Are you prepared for end of summer storms?

Here’s what you can do to prepare your home as much as possible for crazy weather

Preparing your home ahead of a storm

RICHMOND, Va. – After the line of storms that moved through our area on Tuesday, many were left without power, some even without homes due to flooding.

While not all disasters can be prevented, homeowners can do what they can to prepare their homes for the rest of summer’s storms.

The Farm Bureau said that according to the National Oceanic and Atmospheric Administration, there are an estimated 100,000 thunderstorms that occur in the U.S. each year.

Some thunderstorms, like the ones that hit our region on Tuesday, come with torrential downpours, strong winds, flooding, and even hail, all of which have the potential for billions in damages, according to the agency.

“Between late April and June 2022, over 1,300 storm-related claims have been reported in Virginia,” said Laurie Gannon, vice president of claims for Virginia Farm Bureau Mutual Insurance Co. “Whether it’s small, localized pop-up thunderstorms or significant storm bands with tornadic winds, the late spring, and early summer have been busy for our department.”

So, the insurance agency offered direction to a thunderstorm preparation guide to prepare for the worst, as much as possible, that is.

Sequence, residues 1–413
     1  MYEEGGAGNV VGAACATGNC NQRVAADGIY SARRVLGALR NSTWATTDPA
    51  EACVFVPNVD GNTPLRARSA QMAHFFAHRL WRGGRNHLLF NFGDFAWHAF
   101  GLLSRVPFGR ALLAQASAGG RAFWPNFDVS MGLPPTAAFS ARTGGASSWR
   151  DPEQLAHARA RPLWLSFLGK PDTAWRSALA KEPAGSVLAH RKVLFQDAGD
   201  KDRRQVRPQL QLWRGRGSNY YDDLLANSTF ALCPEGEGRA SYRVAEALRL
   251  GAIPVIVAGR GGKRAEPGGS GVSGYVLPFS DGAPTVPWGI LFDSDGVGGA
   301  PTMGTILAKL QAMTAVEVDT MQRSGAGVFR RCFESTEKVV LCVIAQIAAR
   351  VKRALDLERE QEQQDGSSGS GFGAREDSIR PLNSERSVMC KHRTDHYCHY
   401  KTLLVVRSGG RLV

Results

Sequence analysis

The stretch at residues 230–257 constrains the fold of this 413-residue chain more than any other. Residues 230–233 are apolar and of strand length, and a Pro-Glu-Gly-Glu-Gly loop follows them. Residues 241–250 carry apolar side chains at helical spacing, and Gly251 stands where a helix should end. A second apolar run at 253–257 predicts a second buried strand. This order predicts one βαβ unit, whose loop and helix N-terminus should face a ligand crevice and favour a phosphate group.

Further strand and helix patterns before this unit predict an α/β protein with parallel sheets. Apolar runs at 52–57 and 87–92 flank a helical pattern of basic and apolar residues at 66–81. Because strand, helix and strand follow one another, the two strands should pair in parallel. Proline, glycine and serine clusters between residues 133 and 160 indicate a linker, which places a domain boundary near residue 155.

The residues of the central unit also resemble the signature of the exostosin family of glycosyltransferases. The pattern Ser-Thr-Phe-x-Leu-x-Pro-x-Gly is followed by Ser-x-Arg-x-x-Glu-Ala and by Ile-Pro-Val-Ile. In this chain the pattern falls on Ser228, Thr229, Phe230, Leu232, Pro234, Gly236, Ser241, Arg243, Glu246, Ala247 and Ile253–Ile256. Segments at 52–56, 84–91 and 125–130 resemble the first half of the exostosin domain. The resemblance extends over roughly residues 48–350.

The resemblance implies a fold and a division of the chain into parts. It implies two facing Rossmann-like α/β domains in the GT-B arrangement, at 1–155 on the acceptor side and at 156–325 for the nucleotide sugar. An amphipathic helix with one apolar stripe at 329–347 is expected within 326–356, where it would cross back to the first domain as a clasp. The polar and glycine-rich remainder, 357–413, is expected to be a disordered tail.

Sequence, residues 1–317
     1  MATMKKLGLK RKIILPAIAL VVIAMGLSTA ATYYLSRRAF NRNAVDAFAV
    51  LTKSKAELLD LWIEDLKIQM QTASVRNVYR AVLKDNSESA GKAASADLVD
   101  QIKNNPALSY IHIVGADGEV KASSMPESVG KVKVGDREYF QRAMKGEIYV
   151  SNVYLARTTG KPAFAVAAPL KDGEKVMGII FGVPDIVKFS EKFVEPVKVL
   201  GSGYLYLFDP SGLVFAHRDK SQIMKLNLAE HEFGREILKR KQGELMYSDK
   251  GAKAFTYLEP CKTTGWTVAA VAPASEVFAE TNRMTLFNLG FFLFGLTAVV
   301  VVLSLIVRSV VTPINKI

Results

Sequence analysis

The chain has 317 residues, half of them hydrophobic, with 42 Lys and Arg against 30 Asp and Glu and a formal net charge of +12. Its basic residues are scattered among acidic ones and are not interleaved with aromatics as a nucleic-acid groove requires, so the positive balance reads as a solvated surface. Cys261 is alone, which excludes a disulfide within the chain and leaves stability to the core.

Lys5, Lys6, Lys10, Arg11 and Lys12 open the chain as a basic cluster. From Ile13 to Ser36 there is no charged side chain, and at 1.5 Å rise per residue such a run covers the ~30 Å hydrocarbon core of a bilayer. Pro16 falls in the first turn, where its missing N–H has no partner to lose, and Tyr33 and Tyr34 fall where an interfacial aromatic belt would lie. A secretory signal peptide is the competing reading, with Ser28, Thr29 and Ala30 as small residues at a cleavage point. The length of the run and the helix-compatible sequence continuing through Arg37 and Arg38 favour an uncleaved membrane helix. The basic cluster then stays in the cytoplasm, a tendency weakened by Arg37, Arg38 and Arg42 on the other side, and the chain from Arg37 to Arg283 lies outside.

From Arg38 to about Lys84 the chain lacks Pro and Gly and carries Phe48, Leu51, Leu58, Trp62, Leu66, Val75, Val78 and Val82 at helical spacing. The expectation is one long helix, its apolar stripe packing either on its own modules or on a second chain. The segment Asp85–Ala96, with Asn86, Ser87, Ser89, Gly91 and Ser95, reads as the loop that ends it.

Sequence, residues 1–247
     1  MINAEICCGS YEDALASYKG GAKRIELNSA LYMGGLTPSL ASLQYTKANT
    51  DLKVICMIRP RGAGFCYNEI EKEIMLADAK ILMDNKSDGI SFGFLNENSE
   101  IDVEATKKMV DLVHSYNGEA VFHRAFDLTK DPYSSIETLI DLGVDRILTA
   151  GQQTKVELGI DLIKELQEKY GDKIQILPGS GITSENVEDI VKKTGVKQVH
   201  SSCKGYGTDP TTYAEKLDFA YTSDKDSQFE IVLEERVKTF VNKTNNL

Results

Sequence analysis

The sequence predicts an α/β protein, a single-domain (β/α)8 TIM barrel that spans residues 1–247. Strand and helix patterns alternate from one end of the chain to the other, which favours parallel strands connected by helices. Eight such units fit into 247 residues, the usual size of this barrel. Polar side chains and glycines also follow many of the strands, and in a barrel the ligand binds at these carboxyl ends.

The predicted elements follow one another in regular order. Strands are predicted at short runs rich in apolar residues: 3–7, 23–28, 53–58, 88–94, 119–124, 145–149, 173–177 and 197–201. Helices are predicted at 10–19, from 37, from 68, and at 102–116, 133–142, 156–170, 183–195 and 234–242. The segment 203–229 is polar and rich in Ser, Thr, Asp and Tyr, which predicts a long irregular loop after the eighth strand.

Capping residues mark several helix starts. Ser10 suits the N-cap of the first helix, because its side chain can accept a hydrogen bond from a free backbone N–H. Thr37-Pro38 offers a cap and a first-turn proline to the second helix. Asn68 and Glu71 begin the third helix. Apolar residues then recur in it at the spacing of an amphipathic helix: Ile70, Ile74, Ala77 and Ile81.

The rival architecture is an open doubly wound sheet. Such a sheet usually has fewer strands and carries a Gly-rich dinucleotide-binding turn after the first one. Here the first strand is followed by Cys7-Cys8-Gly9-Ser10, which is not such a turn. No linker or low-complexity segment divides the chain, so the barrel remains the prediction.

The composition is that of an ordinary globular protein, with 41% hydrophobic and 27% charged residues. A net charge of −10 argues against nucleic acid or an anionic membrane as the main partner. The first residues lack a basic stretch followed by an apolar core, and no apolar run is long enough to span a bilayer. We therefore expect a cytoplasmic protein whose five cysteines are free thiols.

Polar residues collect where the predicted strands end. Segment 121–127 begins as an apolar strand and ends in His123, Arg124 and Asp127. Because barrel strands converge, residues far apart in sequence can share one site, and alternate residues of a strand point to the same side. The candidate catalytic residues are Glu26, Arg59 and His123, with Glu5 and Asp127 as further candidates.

The guide said there are many things to watch out for during storms, but you can do these things to prepare:

  • Install a lightning surge protector to save electrical equipment from power surges,
  • Remove overhanging branches near your home and remove dead, dying, or diseased trees to lessen the chance of tree damage,
  • Have your roof inspected to ensure it is in a secure and safe condition,
  • Install protective screens around outdoor equipment like heating, ventilating, and air conditioning units to help reduce costly hail damage.
  • Clean gutters and downspouts to lessen the risk of water damage, and make sure downspouts wash water away from the house’s foundation.
  • Inspect and caulk any cracks or gaps around windows, doors, electrical boxes, vents, pipes, and exterior walls to prevent water from getting in,
  • Check your garage doors for a wind pressure rating sticker, and if you don’t have one, you should have it inspected. Installing a brace for the garage door may be recommended, or you could buy a new garage door.
  • Move and secure outdoor items so they don’t fly away in the wind.

For more tips on how to prepare your home for all types of weather, go to the Disaster Safety website.

About the Author:

Alli Graham came aboard the digital team as an evening digital content producer in June 2022.